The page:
When I learned of Michael Jackson’s death yesterday, I recalled the time that I saw him here in Atlanta at the old Fulton County Stadium. He was at the height of his popularity before he became embroiled in a series of bizarre scandals. We sat in the upper deck of the arena and watched him on a giant screen above the stage.
With binoculars, we could see Jackson moonwalking across the stage. The show was executed perfectly. The lights flashed. The dancers twirled. But we might just as well have been watching him on television at home. It was such a carefully choreographed show that I felt no connection to him. It was disappointing.
In my judgment, the show was a failure. Live audiences want to feel a connection.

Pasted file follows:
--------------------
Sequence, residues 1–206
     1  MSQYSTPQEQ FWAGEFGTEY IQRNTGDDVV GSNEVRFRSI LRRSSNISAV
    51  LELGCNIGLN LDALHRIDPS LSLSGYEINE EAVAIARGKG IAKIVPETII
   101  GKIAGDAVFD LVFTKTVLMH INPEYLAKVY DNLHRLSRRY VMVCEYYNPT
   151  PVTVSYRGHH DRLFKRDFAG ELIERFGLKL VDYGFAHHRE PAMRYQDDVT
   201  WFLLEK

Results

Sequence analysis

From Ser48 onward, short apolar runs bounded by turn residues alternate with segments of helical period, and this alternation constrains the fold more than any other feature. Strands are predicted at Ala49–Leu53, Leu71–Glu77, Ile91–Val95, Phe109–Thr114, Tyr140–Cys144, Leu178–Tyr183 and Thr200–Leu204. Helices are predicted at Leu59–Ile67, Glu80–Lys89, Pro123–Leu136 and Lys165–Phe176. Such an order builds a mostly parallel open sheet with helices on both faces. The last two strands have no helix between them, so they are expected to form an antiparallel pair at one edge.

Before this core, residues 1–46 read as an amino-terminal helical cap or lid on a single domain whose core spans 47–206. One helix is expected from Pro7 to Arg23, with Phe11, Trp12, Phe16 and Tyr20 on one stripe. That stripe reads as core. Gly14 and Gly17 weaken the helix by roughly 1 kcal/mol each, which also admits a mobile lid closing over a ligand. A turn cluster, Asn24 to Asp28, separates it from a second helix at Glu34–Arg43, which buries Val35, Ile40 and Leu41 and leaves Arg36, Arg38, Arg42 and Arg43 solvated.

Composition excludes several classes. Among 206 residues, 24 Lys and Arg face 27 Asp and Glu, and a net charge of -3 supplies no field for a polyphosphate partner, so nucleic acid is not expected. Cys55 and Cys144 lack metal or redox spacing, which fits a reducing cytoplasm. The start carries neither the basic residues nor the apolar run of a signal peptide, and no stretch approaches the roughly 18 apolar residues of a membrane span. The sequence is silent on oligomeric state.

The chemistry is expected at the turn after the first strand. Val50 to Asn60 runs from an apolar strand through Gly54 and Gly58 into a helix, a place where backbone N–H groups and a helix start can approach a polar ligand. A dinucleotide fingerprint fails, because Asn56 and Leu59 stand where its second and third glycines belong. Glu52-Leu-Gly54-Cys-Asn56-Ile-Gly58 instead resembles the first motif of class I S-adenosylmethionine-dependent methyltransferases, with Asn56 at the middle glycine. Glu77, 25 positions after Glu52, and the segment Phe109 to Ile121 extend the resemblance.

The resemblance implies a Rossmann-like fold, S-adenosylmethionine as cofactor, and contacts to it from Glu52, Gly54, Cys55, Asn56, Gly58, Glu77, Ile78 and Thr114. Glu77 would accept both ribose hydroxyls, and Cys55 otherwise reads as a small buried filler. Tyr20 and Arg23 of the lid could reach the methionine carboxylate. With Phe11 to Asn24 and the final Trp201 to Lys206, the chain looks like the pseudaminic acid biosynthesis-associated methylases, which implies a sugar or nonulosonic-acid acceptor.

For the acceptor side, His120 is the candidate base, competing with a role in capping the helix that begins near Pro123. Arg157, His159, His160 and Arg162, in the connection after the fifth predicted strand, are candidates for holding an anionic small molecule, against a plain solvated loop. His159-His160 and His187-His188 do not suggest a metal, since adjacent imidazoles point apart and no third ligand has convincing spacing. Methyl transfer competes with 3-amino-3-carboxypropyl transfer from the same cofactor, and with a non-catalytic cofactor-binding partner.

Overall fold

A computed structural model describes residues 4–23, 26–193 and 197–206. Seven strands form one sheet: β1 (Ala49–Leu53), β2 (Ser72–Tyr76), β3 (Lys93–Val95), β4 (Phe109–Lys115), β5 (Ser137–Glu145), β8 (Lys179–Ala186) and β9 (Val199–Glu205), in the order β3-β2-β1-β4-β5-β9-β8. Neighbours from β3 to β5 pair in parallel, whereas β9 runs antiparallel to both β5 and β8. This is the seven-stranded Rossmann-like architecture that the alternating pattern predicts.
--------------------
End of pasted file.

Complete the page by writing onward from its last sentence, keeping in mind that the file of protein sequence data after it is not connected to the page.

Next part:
Similarly, we’ll sometimes come across speakers who are technically excellent. They speak with energy. They smile. They use PowerPoint perfectly. They have every hair in place. They have every word carefully scripted.
But like Michael Jackson in that concert, they fail to connect.
I call this the “rock star effect.” You’re so perfect that you come off as a rock star and don’t ever really connect with the audience.
So what can you do?
The most important thing is to make sure that the audience has a chance to interact with you. Leave plenty of time for Q&A. Ask the audience questions. And be sure that you’re willing to adjust your presentation to what you hear from the audience.
In a program recently, one of the participants wanted to know how to organize his thoughts for a conference call. I heard what he said and adjusted. During the rest of the workshop, I made sure that I came back to the issue of conference calls.
The goal in a presentation isn’t perfection. The goal is to build a relationship. That requires connection.